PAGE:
Cineconline 2020 in Review
September 16, 2020
Following suit with all other major festivals the past six months, Cinecon 2020 was all virtual this year. While I certainly missed watching classic movies for hours on end from the balcony of the Egyptian Theater with an enthusiastic audience, I am thankful the Cinecon team was still able to bring fans together in the spirit of rare and underappreciated cinema.
The organization counted almost 20,000 views from around the globe across three days of programming, which is impressive! I’m glad that people who haven’t been able to make the in-person event in Hollywood had the chance to experience it in virtual form this year. Clips from past interviews with festival honorees, intros for shorts/clip programs, and fun retro intermission spots all made for a festival-like experience from the comfort of my own couch – and in true Cinecon fashion, the timing was down to the minute. (And I didn’t notice any technical difficulties either!) I didn’t catch every single thing I planned on, because I needed breaks for notes and gif-making, but below is a brief overview of everything I saw!
Well, I hoped to make it all the way over to the Cinecon tab in my internet browser for the 3pm welcome and lost silent trailers, but… I was actually at my office at that time, so I missed it. I wrapped work up by 5pm to catch the always engaging Edward Everett Horton in the 1928 short Vacation Waves. He’s just a man who wants to take a vacation – is that too much to ask?! If you’re Horton, yes, obviously. I’d never seen him in a silent before, and I realized his mannerisms and facial expressions perfectly suited the silent era and, in this case, his character’s frustrated physical antics without going too overboard (metaphorically not literally, cause he does do that in this short).
When I spotted First Things Last on the schedule, the entry caught my eye. No IMDb link, a question mark by the date, “Vitaphoney” production company. That last item should have really tipped me off, because within seconds of this starting, I realized it was a Biffle and Shooster short made in 2016! So, the jokes on me. Bravo to the production team for a fantastic job making it period authentic – costumes, production design, camera work, flicker, scratches and all. The duo captured that type of comedy right down to the mannerisms and energy. Truly amazing work.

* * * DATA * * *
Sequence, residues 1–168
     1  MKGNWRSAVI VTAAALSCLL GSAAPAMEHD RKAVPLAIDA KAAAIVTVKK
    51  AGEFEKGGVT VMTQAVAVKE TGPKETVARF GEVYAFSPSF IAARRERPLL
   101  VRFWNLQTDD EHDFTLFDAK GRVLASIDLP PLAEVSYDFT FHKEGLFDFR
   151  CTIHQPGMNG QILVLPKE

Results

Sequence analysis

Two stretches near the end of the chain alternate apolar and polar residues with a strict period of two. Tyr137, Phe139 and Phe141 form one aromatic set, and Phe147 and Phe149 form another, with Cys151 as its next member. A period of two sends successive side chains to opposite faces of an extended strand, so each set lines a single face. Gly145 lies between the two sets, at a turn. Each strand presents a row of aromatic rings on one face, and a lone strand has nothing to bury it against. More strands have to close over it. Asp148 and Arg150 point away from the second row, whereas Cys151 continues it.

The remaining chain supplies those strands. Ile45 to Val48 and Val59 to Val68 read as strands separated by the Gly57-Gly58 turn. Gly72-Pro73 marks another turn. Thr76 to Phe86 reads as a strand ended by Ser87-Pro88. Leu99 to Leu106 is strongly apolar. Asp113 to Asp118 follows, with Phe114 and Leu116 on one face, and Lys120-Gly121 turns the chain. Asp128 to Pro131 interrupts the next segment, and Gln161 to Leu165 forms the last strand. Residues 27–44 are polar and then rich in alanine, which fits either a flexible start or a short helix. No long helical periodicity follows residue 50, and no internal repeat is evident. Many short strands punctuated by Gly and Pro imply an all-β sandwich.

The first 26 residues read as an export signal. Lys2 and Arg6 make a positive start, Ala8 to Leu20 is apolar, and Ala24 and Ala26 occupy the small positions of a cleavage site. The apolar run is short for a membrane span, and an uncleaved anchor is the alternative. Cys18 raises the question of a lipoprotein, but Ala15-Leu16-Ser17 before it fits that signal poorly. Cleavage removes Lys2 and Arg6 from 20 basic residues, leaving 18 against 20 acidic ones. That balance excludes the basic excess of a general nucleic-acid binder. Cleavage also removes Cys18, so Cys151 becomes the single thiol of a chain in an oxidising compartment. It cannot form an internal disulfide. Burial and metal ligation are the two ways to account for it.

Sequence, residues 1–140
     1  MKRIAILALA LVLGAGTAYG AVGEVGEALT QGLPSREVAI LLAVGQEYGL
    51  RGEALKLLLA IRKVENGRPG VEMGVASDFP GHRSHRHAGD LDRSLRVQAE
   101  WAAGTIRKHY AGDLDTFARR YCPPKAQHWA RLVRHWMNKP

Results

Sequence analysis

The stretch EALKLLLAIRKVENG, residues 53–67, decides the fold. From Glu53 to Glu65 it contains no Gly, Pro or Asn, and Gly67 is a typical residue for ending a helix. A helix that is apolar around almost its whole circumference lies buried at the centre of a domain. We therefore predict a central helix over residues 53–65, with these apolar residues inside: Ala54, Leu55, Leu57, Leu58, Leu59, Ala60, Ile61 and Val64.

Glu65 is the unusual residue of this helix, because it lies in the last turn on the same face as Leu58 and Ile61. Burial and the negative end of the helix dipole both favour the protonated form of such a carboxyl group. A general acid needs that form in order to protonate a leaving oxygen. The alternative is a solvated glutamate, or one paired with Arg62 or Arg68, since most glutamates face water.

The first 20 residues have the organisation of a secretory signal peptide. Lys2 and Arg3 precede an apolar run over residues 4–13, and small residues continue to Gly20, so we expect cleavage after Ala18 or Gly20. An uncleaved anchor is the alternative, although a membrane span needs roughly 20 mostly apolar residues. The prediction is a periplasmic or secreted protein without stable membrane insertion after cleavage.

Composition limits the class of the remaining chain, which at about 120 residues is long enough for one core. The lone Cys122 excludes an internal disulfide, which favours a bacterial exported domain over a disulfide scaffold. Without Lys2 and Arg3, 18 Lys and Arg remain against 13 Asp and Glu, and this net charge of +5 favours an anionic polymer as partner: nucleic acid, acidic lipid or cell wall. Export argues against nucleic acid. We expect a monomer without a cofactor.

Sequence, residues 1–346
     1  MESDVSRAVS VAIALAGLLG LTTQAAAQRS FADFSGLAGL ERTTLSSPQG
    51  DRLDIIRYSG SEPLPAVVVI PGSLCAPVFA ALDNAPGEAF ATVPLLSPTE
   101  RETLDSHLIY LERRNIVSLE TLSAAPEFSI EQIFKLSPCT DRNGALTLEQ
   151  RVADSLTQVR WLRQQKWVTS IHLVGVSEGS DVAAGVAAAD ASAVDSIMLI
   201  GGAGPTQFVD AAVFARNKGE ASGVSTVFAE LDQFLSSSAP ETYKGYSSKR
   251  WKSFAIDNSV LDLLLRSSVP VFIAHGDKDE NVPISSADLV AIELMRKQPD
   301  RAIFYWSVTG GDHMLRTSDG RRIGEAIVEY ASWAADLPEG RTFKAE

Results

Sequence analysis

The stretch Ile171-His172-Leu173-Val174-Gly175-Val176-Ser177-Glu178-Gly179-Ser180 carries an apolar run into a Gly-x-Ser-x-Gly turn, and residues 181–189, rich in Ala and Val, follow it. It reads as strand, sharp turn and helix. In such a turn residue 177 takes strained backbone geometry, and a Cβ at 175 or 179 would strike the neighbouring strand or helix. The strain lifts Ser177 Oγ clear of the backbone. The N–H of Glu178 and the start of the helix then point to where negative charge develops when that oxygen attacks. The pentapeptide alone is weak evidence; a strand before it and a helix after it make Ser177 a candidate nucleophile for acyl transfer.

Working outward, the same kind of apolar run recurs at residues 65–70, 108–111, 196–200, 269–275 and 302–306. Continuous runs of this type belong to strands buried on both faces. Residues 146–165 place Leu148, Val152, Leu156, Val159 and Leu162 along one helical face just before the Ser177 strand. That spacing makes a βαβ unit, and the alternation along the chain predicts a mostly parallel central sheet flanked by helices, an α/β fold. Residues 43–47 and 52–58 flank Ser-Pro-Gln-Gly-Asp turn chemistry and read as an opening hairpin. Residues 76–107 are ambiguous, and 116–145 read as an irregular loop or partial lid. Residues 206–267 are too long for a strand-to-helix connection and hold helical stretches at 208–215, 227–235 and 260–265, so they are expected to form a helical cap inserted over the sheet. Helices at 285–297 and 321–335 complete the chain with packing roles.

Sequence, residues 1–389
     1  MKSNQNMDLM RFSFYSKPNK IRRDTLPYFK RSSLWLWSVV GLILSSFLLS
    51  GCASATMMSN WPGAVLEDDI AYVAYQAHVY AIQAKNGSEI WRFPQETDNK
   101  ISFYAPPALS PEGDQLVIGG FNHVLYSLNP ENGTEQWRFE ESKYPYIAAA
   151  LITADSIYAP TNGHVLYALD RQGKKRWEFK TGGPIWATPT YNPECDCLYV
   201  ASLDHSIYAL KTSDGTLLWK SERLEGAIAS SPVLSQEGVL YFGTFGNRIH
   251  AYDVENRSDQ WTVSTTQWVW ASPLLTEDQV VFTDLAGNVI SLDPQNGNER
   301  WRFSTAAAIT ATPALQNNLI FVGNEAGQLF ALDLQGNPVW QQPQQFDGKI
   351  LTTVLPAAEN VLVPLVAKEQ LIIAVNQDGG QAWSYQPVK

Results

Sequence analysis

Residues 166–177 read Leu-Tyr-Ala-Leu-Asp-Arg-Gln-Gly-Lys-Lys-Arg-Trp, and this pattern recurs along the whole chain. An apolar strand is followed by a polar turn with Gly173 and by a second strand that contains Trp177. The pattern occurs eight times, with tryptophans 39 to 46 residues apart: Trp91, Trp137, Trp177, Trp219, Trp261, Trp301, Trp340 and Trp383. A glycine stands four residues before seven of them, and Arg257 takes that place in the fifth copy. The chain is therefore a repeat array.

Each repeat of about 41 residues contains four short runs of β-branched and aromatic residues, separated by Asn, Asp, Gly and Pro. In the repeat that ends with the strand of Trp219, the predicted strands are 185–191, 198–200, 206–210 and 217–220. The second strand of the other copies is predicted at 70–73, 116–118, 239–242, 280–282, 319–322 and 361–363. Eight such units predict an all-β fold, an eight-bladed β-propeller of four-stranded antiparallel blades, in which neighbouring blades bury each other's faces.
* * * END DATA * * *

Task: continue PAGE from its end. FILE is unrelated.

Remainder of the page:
John Kitzmiller and Carla Del Poggio in Without Pity.
The first of three features this year was the Italian film Without Pity (1948). The only names I recognized were the husband and wife team of Federico Fellini (contributing the screenplay) and co-star Guilietta Masina. But the bigger husband and wife team was actually director Alberto Lattuada and star Carla Del Poggio. This film’s logline about an African American solider in Italy who gets involved with gangsters and tries to save the girl he loves from prostitution caught my eye. And I must say, the movie turned out to be as bleak and dark as it sounds.
Both main characters, GI Jerry (John Kitzmiller) and Angela (Del Poggio), are good people who get caught up in bad circumstances – repeatedly – and make bad decisions to get out of them. Though it wasn't the most pleasant film, I was struck by some profound imagery, specifically two shots of Jerry and Angela's hands together near the beginning and the end. I must say, their relationship stood as the only (fleetingly) positive thing about the picture, injecting much needed warmth to a dreary story. As the only American in the production (I think!), Kitzmiller intrigued me, and upon looking him up, I found that he was an engineer who actually helped liberate Italy during WWII. Turns out that he loved the country so much he decided to stay and then fell into acting. For someone who just started acting a few years before (and, I assume, was a relatively new Italian speaker), his half English-half Italian performance was impressive. Fun fact: He was the first Black man to win a Best Actor award at the Cannes Film Festival for 1956's Valley of Peace.